Your Brain, On Cities

Your Brain, On Cities

A neuroscientist discusses how cities might be overstraining urbanites’ brains in an interesting New Hamshire public radio clip. Now that the majority of humans live in cities, will we just get dumber and more tired, or evolve and adjust?

Ever feel like the city is overwhelming your brain? You’re not alone, and possibly not without science to back up your symptoms. According to Jonah Lehrer and some new science reports, your brain uses up a lot of its basic resources just taking in all the sights, sounds and smells of city life. Imagine a computer trying to run 10 different programs, and you get an idea of how your brain is potentially overstimulated and slowed by city life. A brief walk in a park — especially a biodiverse park with lots of different plant species — can benefit a brain and restore brain circuits that are depleted by dense city life.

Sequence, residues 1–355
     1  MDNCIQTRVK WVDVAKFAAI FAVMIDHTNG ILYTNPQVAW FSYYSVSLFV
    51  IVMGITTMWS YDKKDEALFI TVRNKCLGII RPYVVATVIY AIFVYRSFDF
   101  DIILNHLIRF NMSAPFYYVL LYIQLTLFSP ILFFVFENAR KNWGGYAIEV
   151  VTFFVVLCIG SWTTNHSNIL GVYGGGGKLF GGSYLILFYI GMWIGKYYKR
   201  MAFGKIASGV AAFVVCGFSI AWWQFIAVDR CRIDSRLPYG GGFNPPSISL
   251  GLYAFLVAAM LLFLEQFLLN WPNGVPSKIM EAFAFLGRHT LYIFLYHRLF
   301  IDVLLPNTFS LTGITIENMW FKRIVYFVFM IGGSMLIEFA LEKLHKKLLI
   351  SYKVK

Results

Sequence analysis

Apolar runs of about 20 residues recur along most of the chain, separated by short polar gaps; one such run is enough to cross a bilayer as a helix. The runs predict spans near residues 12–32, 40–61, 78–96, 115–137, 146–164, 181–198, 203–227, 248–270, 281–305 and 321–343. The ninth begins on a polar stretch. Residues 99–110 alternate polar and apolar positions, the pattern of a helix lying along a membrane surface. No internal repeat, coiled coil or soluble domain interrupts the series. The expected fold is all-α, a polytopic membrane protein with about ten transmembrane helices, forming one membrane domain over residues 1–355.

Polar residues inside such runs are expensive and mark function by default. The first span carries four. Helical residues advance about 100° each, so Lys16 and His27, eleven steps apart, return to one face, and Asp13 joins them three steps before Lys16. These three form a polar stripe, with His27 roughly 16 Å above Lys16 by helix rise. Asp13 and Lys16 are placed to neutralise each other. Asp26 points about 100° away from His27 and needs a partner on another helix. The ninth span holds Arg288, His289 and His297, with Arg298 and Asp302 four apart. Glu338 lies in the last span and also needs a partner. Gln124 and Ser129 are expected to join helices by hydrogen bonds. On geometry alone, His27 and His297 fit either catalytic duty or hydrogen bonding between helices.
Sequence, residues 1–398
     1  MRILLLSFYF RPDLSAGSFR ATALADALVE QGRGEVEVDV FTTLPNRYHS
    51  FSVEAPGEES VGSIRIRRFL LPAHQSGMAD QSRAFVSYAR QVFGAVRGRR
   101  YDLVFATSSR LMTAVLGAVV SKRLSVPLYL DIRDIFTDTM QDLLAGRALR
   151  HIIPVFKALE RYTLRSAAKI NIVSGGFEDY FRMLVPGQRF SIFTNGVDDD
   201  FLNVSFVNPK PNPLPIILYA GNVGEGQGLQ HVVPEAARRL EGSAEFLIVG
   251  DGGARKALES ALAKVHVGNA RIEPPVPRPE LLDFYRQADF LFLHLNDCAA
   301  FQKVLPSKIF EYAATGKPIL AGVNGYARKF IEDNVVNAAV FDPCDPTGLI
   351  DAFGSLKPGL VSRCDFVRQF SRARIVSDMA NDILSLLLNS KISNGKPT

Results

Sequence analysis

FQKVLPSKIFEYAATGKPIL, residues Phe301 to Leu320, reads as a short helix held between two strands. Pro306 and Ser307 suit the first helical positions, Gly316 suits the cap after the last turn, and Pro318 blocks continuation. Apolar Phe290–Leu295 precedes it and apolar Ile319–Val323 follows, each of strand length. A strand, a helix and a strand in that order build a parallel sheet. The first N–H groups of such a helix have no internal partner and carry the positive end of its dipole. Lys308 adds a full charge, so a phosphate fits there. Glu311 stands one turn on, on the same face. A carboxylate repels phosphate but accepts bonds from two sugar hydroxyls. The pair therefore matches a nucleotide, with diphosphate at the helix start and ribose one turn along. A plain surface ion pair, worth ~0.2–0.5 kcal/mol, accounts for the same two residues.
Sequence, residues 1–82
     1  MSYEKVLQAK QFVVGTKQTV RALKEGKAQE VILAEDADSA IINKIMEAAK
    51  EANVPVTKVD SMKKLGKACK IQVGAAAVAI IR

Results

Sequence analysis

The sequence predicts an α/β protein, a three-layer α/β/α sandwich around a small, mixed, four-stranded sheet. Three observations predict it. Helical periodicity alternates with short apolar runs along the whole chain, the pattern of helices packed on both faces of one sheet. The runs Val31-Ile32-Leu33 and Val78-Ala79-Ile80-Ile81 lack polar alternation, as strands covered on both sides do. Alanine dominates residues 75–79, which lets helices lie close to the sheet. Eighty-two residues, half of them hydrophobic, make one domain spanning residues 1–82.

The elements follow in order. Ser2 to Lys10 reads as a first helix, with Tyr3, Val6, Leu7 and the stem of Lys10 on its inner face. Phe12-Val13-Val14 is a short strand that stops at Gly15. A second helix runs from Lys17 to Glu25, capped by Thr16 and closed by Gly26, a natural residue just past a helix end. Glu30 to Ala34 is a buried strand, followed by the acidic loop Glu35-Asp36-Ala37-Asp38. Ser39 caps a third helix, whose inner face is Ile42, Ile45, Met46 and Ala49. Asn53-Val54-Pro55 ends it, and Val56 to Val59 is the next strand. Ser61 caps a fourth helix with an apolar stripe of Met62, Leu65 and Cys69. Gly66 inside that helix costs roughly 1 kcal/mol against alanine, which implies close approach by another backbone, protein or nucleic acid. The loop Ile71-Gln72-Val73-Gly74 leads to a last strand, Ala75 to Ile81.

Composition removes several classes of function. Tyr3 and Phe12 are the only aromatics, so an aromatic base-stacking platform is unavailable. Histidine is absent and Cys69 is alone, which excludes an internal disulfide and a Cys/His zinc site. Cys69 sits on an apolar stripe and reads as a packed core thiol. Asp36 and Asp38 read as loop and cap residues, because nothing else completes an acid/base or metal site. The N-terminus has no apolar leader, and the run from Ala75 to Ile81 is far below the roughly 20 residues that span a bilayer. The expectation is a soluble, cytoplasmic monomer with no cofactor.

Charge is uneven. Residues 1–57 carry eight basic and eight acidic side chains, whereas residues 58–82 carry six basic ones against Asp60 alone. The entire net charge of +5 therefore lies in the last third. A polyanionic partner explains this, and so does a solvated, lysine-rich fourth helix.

At the same time, we recognize that cities are the sources of creativity. The other side to this story is that some other scientific reports show how living in a dense city can boost innovative thinking (measured in number of patents, etc.). Andrew Blum, a contributor to Wired and to our live blog of the Penn IUR conference Design After the Age of Oil, chimes in with a defense of city life.

Let me stop describing the segment, and let you listen to it here.

Diana Lind is the former executive director and editor in chief of Next City.

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Tags: new york cityparks

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